Hammett doesn't devote any space to explaining the characters' feelings and motivations through internal or narrative monologues. The reader has to figure everything out from their dialogue alone. In the book, Sam Spade is described as looking like a blonde Satan in contrast to the tall, dark, and handsome Humphrey Bogart. The film portrays Spade as being a bit clearer in his moral code compared to the book, but not by much. Book Spade is more hard hearted and aggressive. Film noir paints a picture of the world that is grim and cynical, almost nihilistic. The cops are incompetent jerks. Women are often hysterical and always untrustworthy. The crooks are venal thugs; seldom will you find the Moriarty style criminal mastermind. Spade himself is no virtuous white knight: he had an affair with his partner's wife who wanted to divorce her husband for Spade, though Spade remains noncommittal and dismissive.
The book and film are 70-80 years old so spoilers won't be behind a cut. The book opens with Miss Wonderly coming to Spade and his partner Miles Archer asking for help. She wants them to tail a Floyd Thursby. Archer is shot dead on the job. Miss Wonderly, who is actually Brigid O'Shaughnessy, pulled the trigger. She had hoped that Thursby would notice he was being tailed and try to take out Archer. If Thursby died, great. If Archer died, she'd hoped Thursby would be picked up for the killing. Thursby didn't take the bait and so she had to do it herself.
By the time Spade confronts O'Shaughnessy, we know that she manipulates men through sex, greed, and murder to accomplish her plans. She's slept with Spade by this point in the novel, and she expects that she can manipulate him like she has the others. Spade says that he won't play the sap for her. He didn't like his late partner, but when a detective's partner is murdered in cold blood something's gotta be done regardless of his personal feelings. O'Shaughnessy asks if Spade is really going to turn her over to the police after all they've shared together. Spade says that he'll wait the 20 years for her to get out of San Quentin, and if they execute her, he'll always have fond memories of her.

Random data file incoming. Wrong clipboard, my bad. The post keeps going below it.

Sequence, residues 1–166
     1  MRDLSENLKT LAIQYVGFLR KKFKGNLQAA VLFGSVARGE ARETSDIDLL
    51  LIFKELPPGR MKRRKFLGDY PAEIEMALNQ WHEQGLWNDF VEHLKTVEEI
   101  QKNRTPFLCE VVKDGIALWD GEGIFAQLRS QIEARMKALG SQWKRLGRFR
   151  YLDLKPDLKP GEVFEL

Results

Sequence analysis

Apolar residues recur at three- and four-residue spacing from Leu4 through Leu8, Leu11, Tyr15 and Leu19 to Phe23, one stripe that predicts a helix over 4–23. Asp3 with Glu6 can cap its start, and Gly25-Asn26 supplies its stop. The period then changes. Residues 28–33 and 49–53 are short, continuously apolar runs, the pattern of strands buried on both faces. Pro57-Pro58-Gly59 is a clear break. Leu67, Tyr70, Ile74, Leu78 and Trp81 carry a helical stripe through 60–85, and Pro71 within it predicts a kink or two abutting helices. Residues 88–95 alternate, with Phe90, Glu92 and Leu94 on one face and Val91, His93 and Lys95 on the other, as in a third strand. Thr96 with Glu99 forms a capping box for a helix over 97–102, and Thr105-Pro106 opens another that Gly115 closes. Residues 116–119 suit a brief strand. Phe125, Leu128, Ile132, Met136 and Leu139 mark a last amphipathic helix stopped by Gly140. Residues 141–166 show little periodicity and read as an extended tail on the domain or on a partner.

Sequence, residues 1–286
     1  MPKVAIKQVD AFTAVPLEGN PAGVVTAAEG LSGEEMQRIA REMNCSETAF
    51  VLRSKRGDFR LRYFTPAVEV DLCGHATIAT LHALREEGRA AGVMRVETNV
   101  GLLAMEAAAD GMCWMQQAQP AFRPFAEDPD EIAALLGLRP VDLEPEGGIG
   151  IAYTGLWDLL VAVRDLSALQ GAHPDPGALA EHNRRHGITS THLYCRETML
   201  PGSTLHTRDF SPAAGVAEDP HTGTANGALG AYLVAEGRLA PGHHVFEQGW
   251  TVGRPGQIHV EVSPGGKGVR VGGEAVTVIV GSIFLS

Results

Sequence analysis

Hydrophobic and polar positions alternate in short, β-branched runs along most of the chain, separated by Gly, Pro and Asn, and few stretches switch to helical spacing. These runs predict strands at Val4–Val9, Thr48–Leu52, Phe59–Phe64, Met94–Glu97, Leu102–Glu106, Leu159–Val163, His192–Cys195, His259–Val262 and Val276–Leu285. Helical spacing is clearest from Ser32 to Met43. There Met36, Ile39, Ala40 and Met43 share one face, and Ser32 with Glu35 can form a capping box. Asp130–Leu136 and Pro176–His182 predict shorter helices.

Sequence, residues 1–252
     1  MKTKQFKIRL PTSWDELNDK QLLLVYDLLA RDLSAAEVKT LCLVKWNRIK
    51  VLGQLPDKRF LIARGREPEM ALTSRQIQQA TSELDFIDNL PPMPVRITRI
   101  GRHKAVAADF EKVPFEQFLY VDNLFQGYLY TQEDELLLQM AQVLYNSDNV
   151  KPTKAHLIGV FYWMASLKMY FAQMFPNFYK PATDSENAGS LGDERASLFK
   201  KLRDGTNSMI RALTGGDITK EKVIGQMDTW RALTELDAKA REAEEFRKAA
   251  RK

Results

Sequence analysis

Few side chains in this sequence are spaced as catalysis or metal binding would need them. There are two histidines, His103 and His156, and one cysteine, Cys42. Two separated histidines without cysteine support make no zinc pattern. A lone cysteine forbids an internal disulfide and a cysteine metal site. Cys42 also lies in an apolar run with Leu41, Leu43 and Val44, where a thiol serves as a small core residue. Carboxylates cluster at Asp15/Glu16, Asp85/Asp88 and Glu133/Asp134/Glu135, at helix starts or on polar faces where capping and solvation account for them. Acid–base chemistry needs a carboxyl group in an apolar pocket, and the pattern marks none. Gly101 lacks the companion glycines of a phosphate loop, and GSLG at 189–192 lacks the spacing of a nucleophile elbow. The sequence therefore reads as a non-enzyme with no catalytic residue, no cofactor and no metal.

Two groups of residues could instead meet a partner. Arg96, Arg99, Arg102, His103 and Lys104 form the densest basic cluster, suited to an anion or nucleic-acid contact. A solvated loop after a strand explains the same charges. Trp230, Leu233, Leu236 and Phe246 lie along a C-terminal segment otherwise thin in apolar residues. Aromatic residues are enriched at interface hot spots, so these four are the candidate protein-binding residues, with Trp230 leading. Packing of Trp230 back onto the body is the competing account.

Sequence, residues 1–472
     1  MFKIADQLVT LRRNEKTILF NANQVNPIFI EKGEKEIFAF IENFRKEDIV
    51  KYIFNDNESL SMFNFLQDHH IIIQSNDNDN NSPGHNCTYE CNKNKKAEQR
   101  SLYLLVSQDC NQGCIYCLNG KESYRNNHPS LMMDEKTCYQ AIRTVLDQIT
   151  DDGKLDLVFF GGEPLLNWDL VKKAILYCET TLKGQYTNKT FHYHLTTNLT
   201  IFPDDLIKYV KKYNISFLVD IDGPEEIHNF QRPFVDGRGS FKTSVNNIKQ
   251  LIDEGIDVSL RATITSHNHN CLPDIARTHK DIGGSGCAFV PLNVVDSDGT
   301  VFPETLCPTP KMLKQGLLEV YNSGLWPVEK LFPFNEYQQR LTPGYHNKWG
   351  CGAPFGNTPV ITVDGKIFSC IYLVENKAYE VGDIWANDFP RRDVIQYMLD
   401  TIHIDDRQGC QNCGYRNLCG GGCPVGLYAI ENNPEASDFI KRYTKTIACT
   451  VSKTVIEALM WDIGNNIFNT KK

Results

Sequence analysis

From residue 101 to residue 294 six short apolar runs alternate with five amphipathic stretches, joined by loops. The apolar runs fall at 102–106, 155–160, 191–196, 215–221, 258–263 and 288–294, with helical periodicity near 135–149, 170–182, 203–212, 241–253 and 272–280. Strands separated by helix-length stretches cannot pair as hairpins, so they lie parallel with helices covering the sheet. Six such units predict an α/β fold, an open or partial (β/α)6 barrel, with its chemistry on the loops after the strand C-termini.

There's one scene in the book that's never been put on film. Spade tells O'Shaughnessy a story about a man he was hired to track down after he disappeared, leaving his wife and children behind. Spade eventually finds the man living in a different city, under an assumed name, working a new job, and married to another woman with children. Apparently the man had had a near fatal accident, and decided that life was too fleeting to always be doing the same thing day in and day out. But he doesn't really change. He's got a new life so to speak but it's almost identical to the one he left behind. Why does Spade tell this story? Hammett doesn't spell it out for us.
One of the morals of the story is that a man's gotta stick to his moral code, whatever it may be, regardless of the corruption and filth that may surround him, regardless of his personal feelings. Does Spade love O'Shaughnessy? It doesn't matter. She killed his partner, a partner he particularly like, and she has to answer for it. Throughout the story, Spade expertly plays each side against the other in order to reach the truth. He divides the antagonists by telling them he won't give them the Falcon unless they agree on someone to be the fall guy and go down for the murders of Thursby, Archer, and a Captain Jacobi. Wilmer Cook is the fall guy. Kasper Gutman delivers one of the coldest lines in all of fiction: "You were like a son to me. But if one loses a son, one can always have another. There is only one Maltese Falcon." Damn. Even to a guy like me that's pretty harsh. Not surprisingly, Cook shoots Gutman at the end of the story as the cops are hot on their trail.
5/5, would read again.